Studies in which relevant data on CVT are impossible to extract.
For duplicates or studies published in more than one report, the study reporting the largest sample size will be considered.
Search strategy for identifying relevant studies
The search strategy will be as follows:
Bibliographic database searches
Excerpta Medica Database (EMBASE), MEDLINE through PubMed and Web of Science (Science Citation Index) databases will be searched for relevant studies concerning CVT from 1 January 1990 to 31 October 2017, with no language restriction. The research strategy will be designed for MEDLINE and adapted for other databases using both text words and medical subject heading terms related to CVT (table 1).
The abstracts of all eligible articles will be reviewed and full-text articles will be accessed through PubMed, EMBASE, Scopus Database, AJOL, Google Scholar, HINARI or journals’ websites. The authors of papers whose full texts will not be obtained by internet-based sources will be directly contacted to provide them.
Searching for other sources
The references cited by identified studies will also be searched for additional data source.
Selection of studies for inclusion in the review
The titles and abstracts of papers obtained from the search will be independently scrutinised by two reviewers (CD and TNM) using an assessment guide. The full texts of potentially eligible papers will be retrieved by one reviewer (CD). Thereafter, they will independently review the full text of each potentially eligible study, compare their results and resolve any discrepancy by discussion. If an agreement is not reached after discussion, a third reviewer (JNT) will be consulted for arbitration.
Assessment of methodological quality and reporting of data
An adapted version of the Risk of Bias Tool for Prevalence Studies developed by Hoy et al 10 (see online supplementary file 2) will be used to evaluate included studies for the quality and risk of bias, and will be applied to screened full-text articles by two reviewers.
Data extraction and management
A data extraction form (see online supplementary file 3) will be used by two independent reviewers (CD and TNM) to collect information on the last name of the first author, year of publication, region (Africa, Americas, Europe, Asia, Oceania), country economic level (high-income countries vs LMICs), country, study design, study area (rural vs urban), study setting (intensive care unit, surgery unit, post mortem), sample size, mean or median age, age range, male proportion, specific characteristics of the study population (women on oral contraceptives, patients with HIV, pregnant/postpartum women and postoperative patients), prevalence rate, incidence rate, anatomical patterns (occluded cerebral vessel on neuroimaging studies), diagnostic and therapeutic delays (days or weeks), and/or mortality rate of CVT and risk factors for CVT in the study population. For multinational studies, the prevalence, incidence or mortality will be reported for the individual countries.
Data synthesis and analysis
When data collection will be complete, a meta-analysis will be conducted. The study-specific estimates will be pooled by using a random effects meta-analysis model to obtain an overall summary estimate of the prevalence and/or incidence across studies, after stabilising the variance of individual studies with the use of the Freeman-Tukey double arcsine transformation.11 SEs for the study-specific estimates will be determined from the point estimate and the appropriate denominators. Heterogeneity will be assessed using the χ2 test on Cochrane’s Q statistic12 which is quantified by I² values, assuming that I² values of 25%, 50% and 75%, respectively, represent low, medium and high heterogeneity.13 We will assess the presence of publication bias using funnel plots and Egger’s test.14 Publication bias will be confirmed if p value on Egger’s test is <0.10. Where substantial heterogeneity will be detected, subgroup and meta-regression analyses will be performed to investigate the possible sources of heterogeneity using previously mentioned variables and the study methodological quality. In case of substantial clinical heterogeneity, a narrative summary of findings will be done. The inter-rater agreement for study inclusion will be assessed using Cohen’s κ coefficient.15 Data analyses will use the ‘meta’ package of the statistical software R (V.3.4.4 (15 March 2018), the R Foundation for statistical computing, Vienna, Austria).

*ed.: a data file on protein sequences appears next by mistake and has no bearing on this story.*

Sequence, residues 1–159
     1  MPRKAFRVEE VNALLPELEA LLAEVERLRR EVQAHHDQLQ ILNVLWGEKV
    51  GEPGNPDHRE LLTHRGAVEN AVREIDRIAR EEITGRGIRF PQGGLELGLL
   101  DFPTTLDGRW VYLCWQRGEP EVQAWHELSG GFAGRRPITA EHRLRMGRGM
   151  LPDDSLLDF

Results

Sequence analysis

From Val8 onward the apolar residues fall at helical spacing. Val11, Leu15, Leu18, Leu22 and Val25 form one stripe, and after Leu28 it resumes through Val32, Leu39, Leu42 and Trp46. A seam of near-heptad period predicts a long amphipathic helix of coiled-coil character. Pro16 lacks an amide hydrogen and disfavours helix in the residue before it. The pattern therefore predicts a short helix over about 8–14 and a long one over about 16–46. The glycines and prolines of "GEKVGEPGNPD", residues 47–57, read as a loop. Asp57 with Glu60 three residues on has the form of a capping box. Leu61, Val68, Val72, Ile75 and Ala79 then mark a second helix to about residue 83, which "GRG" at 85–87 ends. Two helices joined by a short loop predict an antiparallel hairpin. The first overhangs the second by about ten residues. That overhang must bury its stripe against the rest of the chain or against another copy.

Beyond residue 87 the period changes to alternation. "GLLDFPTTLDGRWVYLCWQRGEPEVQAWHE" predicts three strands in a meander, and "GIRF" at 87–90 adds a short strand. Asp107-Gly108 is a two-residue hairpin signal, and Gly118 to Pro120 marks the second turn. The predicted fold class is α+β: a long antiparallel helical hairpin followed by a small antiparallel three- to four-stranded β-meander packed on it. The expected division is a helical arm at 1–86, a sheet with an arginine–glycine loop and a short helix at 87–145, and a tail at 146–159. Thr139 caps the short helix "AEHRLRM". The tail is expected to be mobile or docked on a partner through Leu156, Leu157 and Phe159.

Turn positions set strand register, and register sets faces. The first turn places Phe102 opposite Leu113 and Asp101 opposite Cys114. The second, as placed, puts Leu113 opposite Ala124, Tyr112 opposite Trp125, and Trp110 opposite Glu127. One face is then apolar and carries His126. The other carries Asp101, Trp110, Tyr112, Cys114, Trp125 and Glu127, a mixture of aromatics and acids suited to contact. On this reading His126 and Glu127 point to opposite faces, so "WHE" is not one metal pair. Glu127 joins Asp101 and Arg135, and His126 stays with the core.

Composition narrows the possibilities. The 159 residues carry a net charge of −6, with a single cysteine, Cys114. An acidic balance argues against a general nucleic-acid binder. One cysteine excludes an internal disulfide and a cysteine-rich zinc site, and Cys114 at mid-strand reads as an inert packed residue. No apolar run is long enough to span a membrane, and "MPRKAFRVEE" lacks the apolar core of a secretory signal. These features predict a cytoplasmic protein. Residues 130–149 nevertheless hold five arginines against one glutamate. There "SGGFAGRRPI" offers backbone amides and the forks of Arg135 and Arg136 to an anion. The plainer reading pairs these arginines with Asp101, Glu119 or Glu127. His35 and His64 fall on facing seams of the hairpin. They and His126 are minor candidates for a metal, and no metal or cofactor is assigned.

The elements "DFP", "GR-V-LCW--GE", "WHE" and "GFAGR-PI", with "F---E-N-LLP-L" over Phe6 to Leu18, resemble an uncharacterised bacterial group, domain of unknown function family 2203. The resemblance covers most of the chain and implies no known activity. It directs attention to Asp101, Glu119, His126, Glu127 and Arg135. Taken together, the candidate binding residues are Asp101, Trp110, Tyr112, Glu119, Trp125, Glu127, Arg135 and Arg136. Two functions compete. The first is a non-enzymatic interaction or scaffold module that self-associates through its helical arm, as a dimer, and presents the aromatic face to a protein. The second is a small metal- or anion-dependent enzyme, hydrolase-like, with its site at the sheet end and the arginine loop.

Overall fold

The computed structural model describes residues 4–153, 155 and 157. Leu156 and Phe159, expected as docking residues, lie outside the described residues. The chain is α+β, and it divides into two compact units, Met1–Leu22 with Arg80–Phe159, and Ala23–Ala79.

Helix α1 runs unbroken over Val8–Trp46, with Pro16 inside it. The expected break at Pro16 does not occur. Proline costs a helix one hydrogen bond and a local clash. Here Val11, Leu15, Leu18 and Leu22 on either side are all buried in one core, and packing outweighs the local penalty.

Presentation and reporting of results
The study selection process will be summarised in a flow diagram. Quantitative data will be presented in evidence tables of individual studies as well as in summary tables and forest plots where appropriate. The quality scores and risk of bias for each eligible study will be reported accordingly. This may be tabulated and accompanied by narrative summaries.
Patient and public involvement
In this study, data will not be collected directly from patients, but in published studies available in main databases.
Thrombosis of the cerebral veins and sinus represents one of the causes of stroke, especially in children and young adults. With the current scarcity of global representative epidemiological data on CVT, the findings of this systematic review may help inform policymakers on the global burden of this deadly disease.
Ethics and disseminations
The current review will use published studies. Therefore, there is no requirement for ethical approval. The review is expected to provide the current global burden of CVT in order to inform health authorities and decision makers to elaborate effective preventive strategies to reduce the burden of CVT. The resulting manuscript will be published in a peer-reviewed journal.
Contributors CD, TNM and JNT had the idea. CD, JNT and JJB designed and conceived the protocol. CD made the first draft. CD, TNM, JNT, RT and JJB critically revised the methodology and intellectual content. CD and JJB are the guarantors of the review. All authors approved the final version of this manuscript.
Funding This research received no specific grant from any funding agency in the public, commercial or not-for-profit sectors.
Competing interests None declared.
Patient consent Not required.
Provenance and peer review Not commissioned; externally peer reviewed.